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COVID-19: State of Emergency, Nursing Home Visits Screened

UPDATE – Tuesday, March 10, 11:32 a.m.:  The Rhode Island Airport Corporation (RIAC) received notification from an arriving airline Tuesday morning that a passenger was exhibiting flu-like symptoms.

Airport, airline and public safety personnel immediately put protocols in place to assess, assist and transport the individual directly from the plane to an area hospital and minimize exposure to other passengers, according to a statement by the RIAC on their website.

While it is not unusual for passengers to become ill on flights,  health protocols recommended by the Centers for Disease Control and Rhode Island Department of Health intended to assist the individual and prevent exposure to communicable diseases, the RIAC stated.

Monday, March 9: PROVIDENCE — Gov. Gina Raimondo has declared a state of emergency as the state responds to the spread of COVID -19, and the Health Department has established limits on and screening of visitors at nursing facilities.

It’s extremely important right now that we do all we can do to limit or prevent the spread of COVID-19. If you are sick, stay home from work.

Raimondo said the state’s best interests are served by making sure people are able to stay home sick if they are ill during the COVID-19 outbreak. Which means employers must provide their employees assurances that they can stay home sick, while quarantined, or to care for sick family, without jeopardizing their work or income. Those who are quarantined must stay home for the full 14 symptom-free days to ensure they’re not ill, Raimondo said.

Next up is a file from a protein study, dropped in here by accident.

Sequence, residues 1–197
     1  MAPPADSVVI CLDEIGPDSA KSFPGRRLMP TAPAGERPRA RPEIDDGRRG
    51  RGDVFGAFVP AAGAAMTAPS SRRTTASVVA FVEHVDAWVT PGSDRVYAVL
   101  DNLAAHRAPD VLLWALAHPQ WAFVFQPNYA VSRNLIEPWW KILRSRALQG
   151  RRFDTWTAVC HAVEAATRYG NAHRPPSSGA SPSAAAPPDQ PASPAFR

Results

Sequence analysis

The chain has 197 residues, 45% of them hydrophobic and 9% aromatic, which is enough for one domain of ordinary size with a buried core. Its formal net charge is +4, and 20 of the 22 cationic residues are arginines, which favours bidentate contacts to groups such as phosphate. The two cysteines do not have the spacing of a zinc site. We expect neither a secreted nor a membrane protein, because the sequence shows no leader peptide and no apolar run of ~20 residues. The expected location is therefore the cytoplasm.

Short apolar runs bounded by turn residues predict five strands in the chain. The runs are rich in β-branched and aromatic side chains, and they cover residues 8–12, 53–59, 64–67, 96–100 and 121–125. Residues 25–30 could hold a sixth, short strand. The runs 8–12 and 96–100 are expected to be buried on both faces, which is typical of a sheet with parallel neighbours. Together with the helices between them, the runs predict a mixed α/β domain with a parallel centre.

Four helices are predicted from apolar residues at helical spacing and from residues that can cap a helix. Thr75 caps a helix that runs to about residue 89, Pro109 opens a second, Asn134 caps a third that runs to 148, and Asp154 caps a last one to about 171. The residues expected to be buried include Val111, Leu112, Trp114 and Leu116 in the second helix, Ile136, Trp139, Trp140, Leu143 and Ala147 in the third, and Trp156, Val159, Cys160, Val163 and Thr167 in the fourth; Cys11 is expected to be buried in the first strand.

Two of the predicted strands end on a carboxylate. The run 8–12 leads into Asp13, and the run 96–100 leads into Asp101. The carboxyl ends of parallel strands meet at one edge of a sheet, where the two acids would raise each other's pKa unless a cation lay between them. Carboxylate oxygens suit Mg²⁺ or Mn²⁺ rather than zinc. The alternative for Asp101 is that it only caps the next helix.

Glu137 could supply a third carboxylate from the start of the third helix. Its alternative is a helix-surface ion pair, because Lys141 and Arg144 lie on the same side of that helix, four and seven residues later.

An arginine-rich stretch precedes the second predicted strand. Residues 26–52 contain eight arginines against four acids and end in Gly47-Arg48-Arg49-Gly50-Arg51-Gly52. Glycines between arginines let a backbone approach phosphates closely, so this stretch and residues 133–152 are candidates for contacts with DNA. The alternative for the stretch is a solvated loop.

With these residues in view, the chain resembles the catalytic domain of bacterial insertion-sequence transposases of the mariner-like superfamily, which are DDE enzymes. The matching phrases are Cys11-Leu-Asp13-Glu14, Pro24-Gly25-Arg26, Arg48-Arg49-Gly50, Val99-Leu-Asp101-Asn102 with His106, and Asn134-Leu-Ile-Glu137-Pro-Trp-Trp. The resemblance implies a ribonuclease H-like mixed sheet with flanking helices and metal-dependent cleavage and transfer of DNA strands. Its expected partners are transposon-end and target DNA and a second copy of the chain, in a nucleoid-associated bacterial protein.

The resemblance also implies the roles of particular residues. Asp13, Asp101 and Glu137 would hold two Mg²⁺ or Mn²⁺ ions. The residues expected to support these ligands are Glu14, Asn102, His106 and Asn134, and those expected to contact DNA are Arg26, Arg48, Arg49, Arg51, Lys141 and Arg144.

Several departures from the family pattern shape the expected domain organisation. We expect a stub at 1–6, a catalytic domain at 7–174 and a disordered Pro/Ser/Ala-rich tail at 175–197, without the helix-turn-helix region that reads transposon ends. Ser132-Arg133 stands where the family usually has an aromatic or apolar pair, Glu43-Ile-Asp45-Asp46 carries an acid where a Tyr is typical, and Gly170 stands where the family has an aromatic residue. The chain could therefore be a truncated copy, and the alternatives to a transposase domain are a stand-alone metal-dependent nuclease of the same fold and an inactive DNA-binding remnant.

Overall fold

“I am asking every employer in Rhode Island to do the right thing,” Raimondo said, “And make sure that when these employees come back, that their job is there for them, that nobody is punished or penalized.”

Also, Raimondo said, business owners should make sure that quarantined employees get paid for the time that they are unable to work.

“I am fully aware that what I am asking the people of Rhode Island, the people of Rhode Island, is not easy, is inconvenient, and in some cases will be expensive,” Raimondo said. “In the end, it will benefit all of us.”

To aid employees and businesses in keeping sick people home, Raimondo established the following changes to unemployment insurance and disability insurance:

  • If your place of business is closed, or you are told not to come in, and you are not getting paid, you may be eligible for Unemployment Insurance (UI).

    Five days of sick leave for people staying home sick or caring for a loved one, even if they are not themselves sick.

  • Emergency temporary disability and unemployment benefits for all those who are in quarantine or those who tested positive for the corona virus.
  • DLT will waive the  7-day waiting period for temporary disability insurance, and anyone who is in quarantine or needs to stay home with a child who is in quarantine will qualify for temporary disability insurance for 14 days.
  • DLT has established a COVID-19 hotline, 401-462-2020 and email address, dlt.covid19@dlt.ri.gov. They are intended to provide support to people regarding COVID-19 and employment issues. The phone line is staffed Monday to Friday during business hours.